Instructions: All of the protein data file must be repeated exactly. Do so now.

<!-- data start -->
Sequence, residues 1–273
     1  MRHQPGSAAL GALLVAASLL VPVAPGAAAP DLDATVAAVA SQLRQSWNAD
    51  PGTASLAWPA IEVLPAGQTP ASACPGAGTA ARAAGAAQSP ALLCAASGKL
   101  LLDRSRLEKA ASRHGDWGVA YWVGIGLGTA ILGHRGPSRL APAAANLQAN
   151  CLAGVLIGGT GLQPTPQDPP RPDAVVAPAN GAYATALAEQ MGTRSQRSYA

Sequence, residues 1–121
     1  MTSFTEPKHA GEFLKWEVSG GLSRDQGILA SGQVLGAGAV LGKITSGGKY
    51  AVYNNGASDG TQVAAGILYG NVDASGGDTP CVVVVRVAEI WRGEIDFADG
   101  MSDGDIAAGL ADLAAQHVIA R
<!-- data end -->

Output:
Sequence, residues 1–273
     1  MRHQPGSAAL GALLVAASLL VPVAPGAAAP DLDATVAAVA SQLRQSWNAD
    51  PGTASLAWPA IEVLPAGQTP ASACPGAGTA ARAAGAAQSP ALLCAASGKL
   101  LLDRSRLEKA ASRHGDWGVA YWVGIGLGTA ILGHRGPSRL APAAANLQAN
   151  CLAGVLIGGT GLQPTPQDPP RPDAVVAPAN GAYATALAEQ MGTRSQRSYA

Sequence, residues 1–121
     1  MTSFTEPKHA GEFLKWEVSG GLSRDQGILA SGQVLGAGAV LGKITSGGKY
    51  AVYNNGASDG TQVAAGILYG NVDASGGDTP CVVVVRVAEI WRGEIDFADG
   101  MSDGDIAAGL ADLAAQHVIA R